Africa

State-owned South African Airways (SAA) urgently needs the government to provide the 2 billion rand it promised the airline last month or it could have to suspend some flights and delay salary payments, a senior trade union official said on Wednesday, Reuters reported. SAA entered a form of bankruptcy protection last month in an effort to rescue the company and 10,000 related jobs. At the time it was promised 2 billion rand from the government and 2 billion rand from lenders.

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Zambia is already restructuring, renegotiating or refinancing its extensive Chinese project finance debt, and Chinese companies are playing hardball, according to new research, CNBC reported. Southern Africa's third-largest economy is under pressure from an impending breakdown of its power supply and its inability to pay for electricity imports, and is staring down the barrel of further defaults on construction project financing and bond payments.

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Shares in Lekoil crashed by more than 70 per cent on Tuesday as investors responded to news that the Nigeria-focused oil producer had paid $600,000 in fees for a $184m loan that did not exist, the Financial Times reported. The Aim-listed company, which Mark Simmonds, the UK’s Africa minister under David Cameron, recently joined as a non-executive director, will now have to find alternative financing from shareholders to fund the development of its key asset, the Ogo field in Nigeria.

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State-owned power producer Eskom Holdings SOC Ltd. will be the “death knell” for South Africa’s mining industry unless the government enables mines to produce their own electricity, according to Exxaro Resources Ltd. Chief Executive Officer Mxolisi Mgojo, Bloomberg News reported. “The current state of Eskom is going to be the one thing that is going to be the death knell of this industry,” Mgojo said at a conference organized by Business Unity South Africa, the country’s largest business lobby group, on Tuesday. “Without fixing Eskom we don’t have a mining industry.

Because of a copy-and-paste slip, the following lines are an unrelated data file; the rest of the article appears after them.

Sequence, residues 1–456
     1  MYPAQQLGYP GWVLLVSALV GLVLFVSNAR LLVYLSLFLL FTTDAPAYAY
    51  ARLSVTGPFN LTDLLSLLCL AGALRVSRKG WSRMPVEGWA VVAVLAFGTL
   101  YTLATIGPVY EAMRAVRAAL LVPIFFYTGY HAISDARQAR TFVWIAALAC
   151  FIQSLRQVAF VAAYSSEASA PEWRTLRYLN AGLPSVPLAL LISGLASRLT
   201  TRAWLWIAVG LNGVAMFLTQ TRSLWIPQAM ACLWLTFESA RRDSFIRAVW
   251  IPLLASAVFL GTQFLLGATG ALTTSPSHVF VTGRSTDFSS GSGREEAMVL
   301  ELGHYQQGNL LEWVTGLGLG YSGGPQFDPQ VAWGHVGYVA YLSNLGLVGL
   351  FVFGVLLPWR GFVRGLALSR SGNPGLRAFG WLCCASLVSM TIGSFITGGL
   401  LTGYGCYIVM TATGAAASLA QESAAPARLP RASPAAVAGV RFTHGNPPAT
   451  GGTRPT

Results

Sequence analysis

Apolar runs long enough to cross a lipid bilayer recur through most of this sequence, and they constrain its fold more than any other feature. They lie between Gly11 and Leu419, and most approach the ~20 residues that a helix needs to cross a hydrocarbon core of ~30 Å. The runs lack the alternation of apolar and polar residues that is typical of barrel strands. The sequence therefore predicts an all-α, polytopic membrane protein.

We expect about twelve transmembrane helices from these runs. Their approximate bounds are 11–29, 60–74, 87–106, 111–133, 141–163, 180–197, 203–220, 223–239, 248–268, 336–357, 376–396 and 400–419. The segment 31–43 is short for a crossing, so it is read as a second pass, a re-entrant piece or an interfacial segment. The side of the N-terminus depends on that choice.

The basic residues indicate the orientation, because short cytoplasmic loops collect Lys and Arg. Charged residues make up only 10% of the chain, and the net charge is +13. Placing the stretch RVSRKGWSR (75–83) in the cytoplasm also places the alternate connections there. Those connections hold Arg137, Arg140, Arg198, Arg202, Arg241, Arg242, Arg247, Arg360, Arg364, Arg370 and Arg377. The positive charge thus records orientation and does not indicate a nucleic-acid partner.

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The chairman of Eskom Holdings SOC Ltd. resigned from his post after the South African power utility resumed rolling blackouts earlier than expected in 2020, Bloomberg News reported. Jabu Mabuza tendered his resignation on Friday and “apologized for Eskom’s inability” to meet a commitment it made to President Cyril Ramaphosa to avoid power cuts until Jan. 13, the presidency said in a statement. After implementing the most severe supply reductions to date in December, Eskom pledged at a Dec. 11 meeting to avoid further outages over South Africa’s traditional holiday season.

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Rising debt burdens are forcing some of the world’s poorest countries to cut already meagre levels of public sending still further, campaigners have warned. All but one of a group of 15 low-income countries where debt servicing costs consume 18 per cent or more of government revenues have cut non-debt related public spending since 2015, according to the Jubilee Debt Campaign, the Financial Times reported.

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Russia’s VTB Capital has sued Mozambique to recover its share of defaulted debts at the heart of the impoverished African nation’s $2bn “tuna bond” scandal, the Financial Times reported. State-owned VTB is demanding repayment of a $535m loan, according to a lawsuit that it filed against the Mozambican government in London. In 2013 and 2014 Mozambique borrowed $1.4bn from VTB and Credit Suisse tied to maritime security projects, alongside a $850m bond it sold to investors for the financing of a tuna-fishing fleet.

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T5 Oil & Gas, an Africa-focused explorer founded by a group of Tullow Oil veterans, has warned there is a “material uncertainty” over its ability to stay in business for the next year if it fails to raise money to complete a key deal in Gabon after aborting a $45 million (€40.2 million) initial public offering (IPO) in 2018, The Irish Times reported. In spite of this, the UK-based company, led by Irishman Pat Plunkett, said in its 2018 report there was a “reasonable expectation” of carrying out an IPO or finding alternative funding in the first half of this year.

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Creditors of Kenya’s Nakumatt supermarket chain, once East Africa’s biggest retailer, voted on Tuesday to wind it up after it was unable to pay debts following a failed rescue attempt, Reuters reported. Nakumatt expanded from a mattress shop in a rural town to a network of more than 60 branches before a cash crunch forced it to shut more than a dozen outlets in 2017 when it was unable to pay suppliers, landlords and other creditors.

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Kenya plans to refinance or substitute commercial loans with cheaper options from friendly nations or development financiers, its acting finance minister said on Monday. The East African nation wants to avoid raising more debt from overseas capital markets, after a borrowing binge in recent years including Eurobond offerings, a package of Chinese loans and syndicated commercial loans, Reuters reported. The government was committed to bringing its debt, which has risen to above 62% of gross domestic product, to a more sustainable level, said minister Ukur Yatani.

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